Italy investigates five Egyptians over Regeni disappearance
Italian prosecutors have placed five members of Egypt's security forces under official investigation for their alleged involvement in the disappearance of student Giulio Regeni, a judicial source said.
Regeni, a 28-year-old postgraduate student at Cambridge University, vanished in Cairo in January 2016. His body was found almost a week later and a post-mortem examination showed he had been tortured before his death.
There was no immediate comment from authorities in Egypt. Egyptian officials have repeatedly denied any involvement in Regeni's killing.
The five suspects are all members of the National Security Agency and include a general, two colonels and a major, the source said.
One of the colonels met Italian prosecutors during their first visit to Cairo in February 2016 after Regeni's disappearance. He had assured them that local security forces had had nothing to do with the disappearance.
All suspects have been placed under investigation for allegedly kidnapping Regeni. No one has yet been named in connection with the killing itself.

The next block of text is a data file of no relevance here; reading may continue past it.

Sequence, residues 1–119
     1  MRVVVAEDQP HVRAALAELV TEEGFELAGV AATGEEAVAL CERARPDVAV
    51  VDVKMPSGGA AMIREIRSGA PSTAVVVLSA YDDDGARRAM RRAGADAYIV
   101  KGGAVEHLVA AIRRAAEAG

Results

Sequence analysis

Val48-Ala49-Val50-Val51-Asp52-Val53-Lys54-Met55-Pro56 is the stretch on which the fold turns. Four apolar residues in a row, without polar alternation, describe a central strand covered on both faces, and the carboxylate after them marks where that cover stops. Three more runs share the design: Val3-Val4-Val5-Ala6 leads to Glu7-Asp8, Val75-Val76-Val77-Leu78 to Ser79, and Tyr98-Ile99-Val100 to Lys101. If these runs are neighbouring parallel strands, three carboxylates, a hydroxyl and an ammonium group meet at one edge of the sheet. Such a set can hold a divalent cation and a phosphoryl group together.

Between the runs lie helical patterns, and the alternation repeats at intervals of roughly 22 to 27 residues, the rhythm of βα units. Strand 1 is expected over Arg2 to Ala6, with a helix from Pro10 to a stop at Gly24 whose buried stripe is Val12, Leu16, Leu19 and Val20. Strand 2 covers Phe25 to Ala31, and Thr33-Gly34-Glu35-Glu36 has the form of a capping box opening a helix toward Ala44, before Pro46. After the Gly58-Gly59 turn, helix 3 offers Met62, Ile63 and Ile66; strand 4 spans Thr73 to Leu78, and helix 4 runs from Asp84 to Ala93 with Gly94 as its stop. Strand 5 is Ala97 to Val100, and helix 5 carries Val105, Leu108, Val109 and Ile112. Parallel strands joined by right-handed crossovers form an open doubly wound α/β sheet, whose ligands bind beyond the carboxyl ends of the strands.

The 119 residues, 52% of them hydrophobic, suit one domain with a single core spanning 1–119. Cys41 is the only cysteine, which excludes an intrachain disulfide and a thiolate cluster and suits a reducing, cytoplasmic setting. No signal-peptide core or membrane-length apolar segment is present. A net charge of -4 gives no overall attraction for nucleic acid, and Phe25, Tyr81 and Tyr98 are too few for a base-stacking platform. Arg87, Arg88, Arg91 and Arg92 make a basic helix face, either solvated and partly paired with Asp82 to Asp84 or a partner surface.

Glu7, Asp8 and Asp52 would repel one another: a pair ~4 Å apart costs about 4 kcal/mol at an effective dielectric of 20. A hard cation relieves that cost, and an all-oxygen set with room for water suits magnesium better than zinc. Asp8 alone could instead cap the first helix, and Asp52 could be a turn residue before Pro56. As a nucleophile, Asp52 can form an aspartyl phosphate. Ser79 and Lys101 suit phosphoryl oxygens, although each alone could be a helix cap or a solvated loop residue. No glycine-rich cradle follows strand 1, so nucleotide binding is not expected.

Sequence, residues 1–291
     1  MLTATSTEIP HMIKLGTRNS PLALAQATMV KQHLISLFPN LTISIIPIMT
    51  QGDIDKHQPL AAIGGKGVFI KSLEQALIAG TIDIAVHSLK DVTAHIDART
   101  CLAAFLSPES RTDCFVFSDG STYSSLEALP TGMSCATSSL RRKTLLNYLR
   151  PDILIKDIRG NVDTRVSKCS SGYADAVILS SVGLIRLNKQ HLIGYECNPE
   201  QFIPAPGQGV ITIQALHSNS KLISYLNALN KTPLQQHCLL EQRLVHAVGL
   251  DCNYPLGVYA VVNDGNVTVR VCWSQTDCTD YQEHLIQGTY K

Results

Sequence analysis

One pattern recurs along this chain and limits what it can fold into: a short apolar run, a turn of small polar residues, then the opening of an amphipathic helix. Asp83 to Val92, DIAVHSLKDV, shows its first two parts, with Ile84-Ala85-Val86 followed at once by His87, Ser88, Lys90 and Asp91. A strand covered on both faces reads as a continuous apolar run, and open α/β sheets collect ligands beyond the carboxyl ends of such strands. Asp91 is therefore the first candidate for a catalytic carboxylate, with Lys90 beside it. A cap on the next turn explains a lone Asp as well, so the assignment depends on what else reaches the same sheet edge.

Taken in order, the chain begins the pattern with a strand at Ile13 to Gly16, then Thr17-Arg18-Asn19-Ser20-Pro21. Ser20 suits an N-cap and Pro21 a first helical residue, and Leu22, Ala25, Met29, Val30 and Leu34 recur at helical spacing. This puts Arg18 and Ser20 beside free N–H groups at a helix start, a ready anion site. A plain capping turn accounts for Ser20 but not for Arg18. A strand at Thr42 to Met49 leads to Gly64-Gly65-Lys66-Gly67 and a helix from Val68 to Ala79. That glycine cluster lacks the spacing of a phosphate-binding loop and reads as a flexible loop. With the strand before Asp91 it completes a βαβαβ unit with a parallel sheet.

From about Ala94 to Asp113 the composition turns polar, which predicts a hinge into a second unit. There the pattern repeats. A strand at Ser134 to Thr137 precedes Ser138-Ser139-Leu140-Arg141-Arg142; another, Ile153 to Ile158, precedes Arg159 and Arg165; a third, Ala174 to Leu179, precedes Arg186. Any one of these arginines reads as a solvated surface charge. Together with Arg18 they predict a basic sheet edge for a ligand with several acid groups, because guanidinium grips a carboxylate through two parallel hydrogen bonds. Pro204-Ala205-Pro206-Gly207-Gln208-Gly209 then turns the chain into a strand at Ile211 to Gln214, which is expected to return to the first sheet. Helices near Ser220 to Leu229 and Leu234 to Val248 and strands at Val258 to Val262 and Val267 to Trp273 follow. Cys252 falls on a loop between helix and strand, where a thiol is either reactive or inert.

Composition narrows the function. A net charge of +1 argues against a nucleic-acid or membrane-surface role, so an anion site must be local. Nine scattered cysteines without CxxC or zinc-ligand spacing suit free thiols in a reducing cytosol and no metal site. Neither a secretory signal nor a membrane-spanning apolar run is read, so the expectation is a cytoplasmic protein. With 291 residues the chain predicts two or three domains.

Intelligence and security sources told Reuters that police had arrested Regeni, who disappeared on 25 January 2016, outside a Cairo metro station and then transferred him to a compound run by Homeland Security.
Italian and Egyptian investigators have been working together to try to solve the crime and have held regular meetings in Rome and Cairo to pool their information.
But judicial sources in Rome told Reuters last week that Italy was frustrated by the slow pace of developments in Egypt and had decided to press ahead with its own line of inquiry in an effort to move things forward.
In a largely symbolic move, the Italian parliament suspended all ties with its Egyptian counterpart last week as well, and Foreign Minister Enzo Moavero summoned Egypt's ambassador.
Egypt's state information service said on Monday that Italy had sought Egypt's approval for listing "a number of Egyptian policemen" as suspects during a meeting of the prosecutors from the two countries last week.
It said such a request had already been rejected in the past because Egyptian law does not recognise the procedure for placing suspects under investigation before possible charges are laid.
It also cited a lack of solid evidence for the request, which, it said, was "merely based upon initial police inquiries".
Regeni had been researching Egypt’s independent unions for his doctoral thesis. Associates say he was also interested in alternatives to the long-standing domination of Egypt’s economy by the state and the military.
Both subjects are sensitive in Egypt. The military’s grip on the economy is a subject rarely talked about in a country that has been ruled almost entirely by military men since the overthrow of King Farouk in 1952.
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